Moody's also harmonized recovery rates, assuming fixed recovery
values instead of stochastic ones.

-- OUTLOOK FOR ITALIAN LEASES AND SME TRANSACTIONS

Moody's updated assumptions also reflect its negative outlook for
Italian Leasing and SME collateral (see "European ABS and RMBS:
2013 Outlooks ", December 2012).

Delinquencies and defaults show a negative trend in the leasing
and SME sectors according to the latest Italian Leasing ABS
Indices published by Moody's in July 2012
(http://www.moodys.com/research/Italian-Leasing-ABS-Indices-July-
2012--PBS_SF304955). Moody's cumulative default index for leasing
deals (as a percentage of original balance plus cumulated
replenishments) rose to 5.6% in July 2012, showing a 16% year-on-
year increase from 4.82% in July 2011. The total delinquencies
index, as of current pool balance, showed a 14.6% quarter-on-
quarter increase to 6.3% in July 2012 from 5.5% in April 2012. As
far as Italian SME deals are concerned, the 90+ day delinquency
index rose sharply to 4.9% in October 2012 from 0.9% in October
2011.

The rating agency expects that continued weak domestic demand
will weaken SME revenues and increase borrower defaults. Moody's
expects Italian GDP to contract by 2.4% in 2012 (see "Credit
Opinion: Government of Italy", October 2012), which will likely
drive up leases and loans to SME in arrears.

-- OUTLOOK FOR THE ITALIAN ECONOMY IN GENERAL

Moody's expects that the Italian economy will contract and the
annual average unemployment rate will rise to 10.5% in 2012,
increasing by a further 0.5% in 2013.

On August 21, 2012, Moody's released a Request for Comment
seeking market feedback on proposed adjustments to its modeling
assumptions. These adjustments are designed to account for the
impact of rapid and significant country credit deterioration on
structured finance transactions. If the adjusted approach is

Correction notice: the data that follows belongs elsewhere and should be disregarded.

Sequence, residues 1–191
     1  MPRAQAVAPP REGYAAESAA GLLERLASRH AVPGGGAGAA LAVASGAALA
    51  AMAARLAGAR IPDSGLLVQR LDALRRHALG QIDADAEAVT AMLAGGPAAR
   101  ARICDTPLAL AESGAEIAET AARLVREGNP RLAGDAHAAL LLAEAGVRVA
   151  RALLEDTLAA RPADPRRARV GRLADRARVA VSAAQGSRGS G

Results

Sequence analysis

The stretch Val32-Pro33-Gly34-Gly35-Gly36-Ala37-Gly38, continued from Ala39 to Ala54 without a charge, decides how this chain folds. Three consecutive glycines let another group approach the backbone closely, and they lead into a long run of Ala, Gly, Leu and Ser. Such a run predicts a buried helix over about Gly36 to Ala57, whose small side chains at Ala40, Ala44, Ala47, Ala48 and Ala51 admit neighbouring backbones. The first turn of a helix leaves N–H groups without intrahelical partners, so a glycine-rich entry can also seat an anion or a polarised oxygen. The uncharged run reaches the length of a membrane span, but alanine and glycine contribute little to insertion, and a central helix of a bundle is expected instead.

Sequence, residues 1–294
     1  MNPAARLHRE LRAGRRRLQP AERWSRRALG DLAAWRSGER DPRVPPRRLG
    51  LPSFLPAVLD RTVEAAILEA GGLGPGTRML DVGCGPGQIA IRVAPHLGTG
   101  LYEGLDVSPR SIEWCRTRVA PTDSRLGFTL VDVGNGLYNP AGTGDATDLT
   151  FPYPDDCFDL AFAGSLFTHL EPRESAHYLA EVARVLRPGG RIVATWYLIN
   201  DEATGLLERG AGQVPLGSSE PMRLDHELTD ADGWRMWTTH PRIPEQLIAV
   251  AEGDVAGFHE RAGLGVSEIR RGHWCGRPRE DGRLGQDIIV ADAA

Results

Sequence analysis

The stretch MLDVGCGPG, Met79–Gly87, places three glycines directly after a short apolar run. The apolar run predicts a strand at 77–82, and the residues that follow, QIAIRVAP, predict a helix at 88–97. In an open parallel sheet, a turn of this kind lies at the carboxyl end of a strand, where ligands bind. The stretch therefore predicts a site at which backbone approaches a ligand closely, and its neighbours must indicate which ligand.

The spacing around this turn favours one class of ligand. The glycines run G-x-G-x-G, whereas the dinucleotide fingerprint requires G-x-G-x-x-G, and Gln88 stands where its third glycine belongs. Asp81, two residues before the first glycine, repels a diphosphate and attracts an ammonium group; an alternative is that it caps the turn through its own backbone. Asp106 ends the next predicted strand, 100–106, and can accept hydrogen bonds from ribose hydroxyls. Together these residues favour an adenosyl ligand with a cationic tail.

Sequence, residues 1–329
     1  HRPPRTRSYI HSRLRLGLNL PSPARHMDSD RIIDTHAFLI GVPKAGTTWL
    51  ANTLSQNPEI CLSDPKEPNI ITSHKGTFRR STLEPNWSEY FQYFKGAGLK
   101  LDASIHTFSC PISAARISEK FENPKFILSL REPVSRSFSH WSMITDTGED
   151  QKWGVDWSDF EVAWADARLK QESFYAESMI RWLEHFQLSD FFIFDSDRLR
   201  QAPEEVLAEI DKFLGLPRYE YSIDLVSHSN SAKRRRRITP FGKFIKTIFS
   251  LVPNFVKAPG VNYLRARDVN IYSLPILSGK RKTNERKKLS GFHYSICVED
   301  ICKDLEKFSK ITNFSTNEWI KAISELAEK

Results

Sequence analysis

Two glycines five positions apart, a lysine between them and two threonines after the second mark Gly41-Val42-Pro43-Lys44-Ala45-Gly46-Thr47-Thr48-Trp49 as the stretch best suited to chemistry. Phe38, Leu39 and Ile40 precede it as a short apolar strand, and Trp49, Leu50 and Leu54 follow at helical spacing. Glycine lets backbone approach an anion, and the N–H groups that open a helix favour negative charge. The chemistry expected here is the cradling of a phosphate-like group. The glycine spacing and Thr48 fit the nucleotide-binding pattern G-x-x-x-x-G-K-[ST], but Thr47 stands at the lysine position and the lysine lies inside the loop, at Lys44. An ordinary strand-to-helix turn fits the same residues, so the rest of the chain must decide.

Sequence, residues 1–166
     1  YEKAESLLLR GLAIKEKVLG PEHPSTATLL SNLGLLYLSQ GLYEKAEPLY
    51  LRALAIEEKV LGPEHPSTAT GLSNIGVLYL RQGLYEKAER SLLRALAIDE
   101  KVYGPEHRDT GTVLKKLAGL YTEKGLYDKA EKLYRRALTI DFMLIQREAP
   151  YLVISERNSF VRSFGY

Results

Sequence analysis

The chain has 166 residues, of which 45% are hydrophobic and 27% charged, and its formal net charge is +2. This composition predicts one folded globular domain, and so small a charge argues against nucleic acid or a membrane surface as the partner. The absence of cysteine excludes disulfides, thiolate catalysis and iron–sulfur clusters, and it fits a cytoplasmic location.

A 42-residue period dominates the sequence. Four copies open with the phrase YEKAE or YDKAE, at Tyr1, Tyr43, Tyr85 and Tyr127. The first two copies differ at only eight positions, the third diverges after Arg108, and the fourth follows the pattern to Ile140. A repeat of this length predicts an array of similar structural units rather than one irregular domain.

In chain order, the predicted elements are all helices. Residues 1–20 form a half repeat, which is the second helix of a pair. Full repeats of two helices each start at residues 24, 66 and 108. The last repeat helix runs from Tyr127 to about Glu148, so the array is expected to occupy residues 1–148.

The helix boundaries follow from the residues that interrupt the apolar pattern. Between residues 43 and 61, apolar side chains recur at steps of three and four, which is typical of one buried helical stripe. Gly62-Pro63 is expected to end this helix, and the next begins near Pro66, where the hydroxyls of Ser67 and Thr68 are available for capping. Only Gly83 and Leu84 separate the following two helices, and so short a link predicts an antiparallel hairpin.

implemented as proposed, the rating of the notes affected by the
announcement may be negatively affected.



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EUROPROP SA: Moody's Lowers Rating on Class C Notes to 'Caa3'
-------------------------------------------------------------
Moody's Investors Service has downgraded the following classes of
Notes issued by EuroProp (EMC VI) S.A. (amounts reflect initial
outstandings):

    EUR380.25M Class A Notes, Downgraded to Ba3 (sf); previously
    on Feb 14, 2011 Downgraded to Baa2 (sf)

    EUR30M Class B Notes, Downgraded to Caa1 (sf); previously on
    Feb 14, 2011 Downgraded to B2 (sf)

    EUR35M Class C Notes, Downgraded to Caa3 (sf); previously on
    Feb 14, 2011 Downgraded to Caa2 (sf)

Moody's does not rate the Classes D, E, F and R Notes issued by
Europrop (EMC VI) S.A.

Ratings Rationale

The downgrade action on the Classes A, B and C Notes reflects
Moody's increased loss expectation for the pool since its last
review. This is primarily due to i) significantly lower values
for the largely secondary quality collateral properties, which
are not expected to recover over the short term, and ii) the
large percentage of loans (59% of current pool balance) with